I feel like these ideas are all nice, especially with my love for all the Paradox grand strategy gems
All the several different scenarios could be interesting. Starting in a young galaxy as one of the first civilizations, starting in an equal galaxy (like stellaris) where everyone just reaches space. Perhaps with some ancient civs around. Or starting in an ancient galaxy as a newcomer among superpowers who may or may not be decadent.
Stellaris is definitely a good source to get your ideas from
I’m a fan of the “Alien Suns” model, where aliens have multiple languages too, so you would need to develop translators for their main languages, though breaking the initial language barrier is the greatest step.
Hopefully the game won’t parse alien transmissions in the style of “English as She Is Spoke,” except for cases where broken grammar is intentional, ie: when establishing contact. If you want to establish contact, it’s best when both parties can at least attempt to work together to decode each other’s language.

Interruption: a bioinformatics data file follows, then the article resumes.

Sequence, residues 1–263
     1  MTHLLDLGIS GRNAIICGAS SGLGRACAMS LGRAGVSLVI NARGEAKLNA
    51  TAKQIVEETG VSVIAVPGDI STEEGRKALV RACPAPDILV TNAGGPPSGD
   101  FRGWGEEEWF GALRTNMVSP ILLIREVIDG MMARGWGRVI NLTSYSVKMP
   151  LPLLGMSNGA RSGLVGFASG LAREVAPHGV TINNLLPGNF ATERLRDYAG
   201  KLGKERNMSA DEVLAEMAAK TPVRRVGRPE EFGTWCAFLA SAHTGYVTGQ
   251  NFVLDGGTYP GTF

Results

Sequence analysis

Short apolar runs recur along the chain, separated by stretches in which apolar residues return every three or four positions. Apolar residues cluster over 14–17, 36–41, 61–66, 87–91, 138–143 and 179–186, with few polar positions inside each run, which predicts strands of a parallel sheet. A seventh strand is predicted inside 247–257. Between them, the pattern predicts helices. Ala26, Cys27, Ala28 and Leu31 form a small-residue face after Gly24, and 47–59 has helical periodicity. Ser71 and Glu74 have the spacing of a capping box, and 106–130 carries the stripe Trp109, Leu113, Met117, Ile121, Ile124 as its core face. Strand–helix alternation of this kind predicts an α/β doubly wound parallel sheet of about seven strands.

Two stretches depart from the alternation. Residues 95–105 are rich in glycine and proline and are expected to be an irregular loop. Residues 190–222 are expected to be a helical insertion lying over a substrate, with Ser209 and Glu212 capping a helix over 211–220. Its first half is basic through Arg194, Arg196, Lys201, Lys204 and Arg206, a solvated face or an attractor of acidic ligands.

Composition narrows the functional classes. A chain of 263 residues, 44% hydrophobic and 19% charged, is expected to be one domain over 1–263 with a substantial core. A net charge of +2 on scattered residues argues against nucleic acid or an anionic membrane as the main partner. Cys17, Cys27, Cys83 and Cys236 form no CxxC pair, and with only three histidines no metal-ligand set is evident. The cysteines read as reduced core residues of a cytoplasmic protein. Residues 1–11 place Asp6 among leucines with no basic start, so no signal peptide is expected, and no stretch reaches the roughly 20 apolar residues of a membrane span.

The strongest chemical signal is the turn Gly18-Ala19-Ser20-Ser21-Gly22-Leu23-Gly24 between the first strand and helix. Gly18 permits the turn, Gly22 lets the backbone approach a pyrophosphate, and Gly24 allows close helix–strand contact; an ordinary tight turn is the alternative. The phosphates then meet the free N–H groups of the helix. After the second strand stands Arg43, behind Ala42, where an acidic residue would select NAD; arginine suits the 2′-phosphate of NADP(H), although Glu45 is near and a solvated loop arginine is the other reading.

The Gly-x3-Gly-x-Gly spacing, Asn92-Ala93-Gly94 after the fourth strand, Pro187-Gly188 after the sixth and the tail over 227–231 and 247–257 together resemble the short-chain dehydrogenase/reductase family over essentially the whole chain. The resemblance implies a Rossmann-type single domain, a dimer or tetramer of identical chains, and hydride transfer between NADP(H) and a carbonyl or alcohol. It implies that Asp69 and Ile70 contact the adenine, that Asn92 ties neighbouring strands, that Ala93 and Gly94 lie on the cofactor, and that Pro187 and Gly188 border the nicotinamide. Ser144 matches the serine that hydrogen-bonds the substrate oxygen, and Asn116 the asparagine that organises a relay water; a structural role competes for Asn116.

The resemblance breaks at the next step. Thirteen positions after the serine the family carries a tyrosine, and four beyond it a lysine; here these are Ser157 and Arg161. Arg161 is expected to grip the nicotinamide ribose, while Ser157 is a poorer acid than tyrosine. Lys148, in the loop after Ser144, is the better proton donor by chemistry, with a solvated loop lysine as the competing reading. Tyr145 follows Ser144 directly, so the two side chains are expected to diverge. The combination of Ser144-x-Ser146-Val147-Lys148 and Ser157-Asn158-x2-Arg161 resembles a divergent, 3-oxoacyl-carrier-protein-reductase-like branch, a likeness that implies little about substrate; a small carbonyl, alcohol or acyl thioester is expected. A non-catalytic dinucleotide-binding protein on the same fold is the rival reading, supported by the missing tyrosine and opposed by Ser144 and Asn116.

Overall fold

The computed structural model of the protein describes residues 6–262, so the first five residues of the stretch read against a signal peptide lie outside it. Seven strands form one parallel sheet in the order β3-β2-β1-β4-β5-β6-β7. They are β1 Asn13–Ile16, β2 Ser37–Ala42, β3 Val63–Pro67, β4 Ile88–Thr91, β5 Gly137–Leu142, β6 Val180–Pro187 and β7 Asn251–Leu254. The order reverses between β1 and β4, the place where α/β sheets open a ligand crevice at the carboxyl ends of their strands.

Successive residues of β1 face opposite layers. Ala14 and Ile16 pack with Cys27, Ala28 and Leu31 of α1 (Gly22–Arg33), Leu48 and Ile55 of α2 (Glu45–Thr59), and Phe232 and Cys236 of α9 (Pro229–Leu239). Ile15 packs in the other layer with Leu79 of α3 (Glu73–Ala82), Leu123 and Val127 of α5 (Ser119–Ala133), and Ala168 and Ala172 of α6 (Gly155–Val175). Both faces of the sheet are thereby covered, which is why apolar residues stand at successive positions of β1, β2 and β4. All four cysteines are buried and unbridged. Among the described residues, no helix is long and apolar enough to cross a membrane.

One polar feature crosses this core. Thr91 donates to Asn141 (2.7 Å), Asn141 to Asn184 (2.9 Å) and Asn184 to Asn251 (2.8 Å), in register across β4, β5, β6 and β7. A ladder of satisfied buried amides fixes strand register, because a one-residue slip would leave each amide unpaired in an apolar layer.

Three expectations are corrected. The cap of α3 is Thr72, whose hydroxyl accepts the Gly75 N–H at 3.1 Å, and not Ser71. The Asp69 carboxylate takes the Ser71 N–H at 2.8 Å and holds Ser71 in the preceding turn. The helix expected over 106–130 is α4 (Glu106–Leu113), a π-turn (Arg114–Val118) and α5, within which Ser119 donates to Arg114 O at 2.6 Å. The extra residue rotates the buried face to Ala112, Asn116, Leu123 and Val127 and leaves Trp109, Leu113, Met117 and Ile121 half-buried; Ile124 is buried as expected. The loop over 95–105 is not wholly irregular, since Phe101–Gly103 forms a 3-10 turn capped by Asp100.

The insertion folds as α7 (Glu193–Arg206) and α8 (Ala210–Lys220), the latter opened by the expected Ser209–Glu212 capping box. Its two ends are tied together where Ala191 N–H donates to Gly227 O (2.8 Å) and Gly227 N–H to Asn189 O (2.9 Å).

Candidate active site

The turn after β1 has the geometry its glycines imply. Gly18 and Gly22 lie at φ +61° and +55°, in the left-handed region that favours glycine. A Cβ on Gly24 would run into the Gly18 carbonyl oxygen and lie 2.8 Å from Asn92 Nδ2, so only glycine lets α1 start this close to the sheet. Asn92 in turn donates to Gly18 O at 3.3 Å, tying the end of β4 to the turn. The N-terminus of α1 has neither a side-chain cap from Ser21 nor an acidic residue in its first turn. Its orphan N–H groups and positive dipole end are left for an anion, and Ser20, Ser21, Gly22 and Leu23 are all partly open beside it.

If you aren’t a Blorg-hugging dirtman, then translating aliens does have a strategic use. If you can understand transmissions of a hostile entity, then you can predict their movements.
If you don’t want to cleanse the galaxy of xeno scum, then you should probably also invest in diplomacy. Mutual understanding has caused much less disaster than “I’m having tremendous problems with my lifestyle,” or “Belgium.” I would panic if my everyday words meant something foul in an alien tongue.
So onto the actual act of gathering information on alien speech, I’ve found a handy video on it from Isaac Arthur.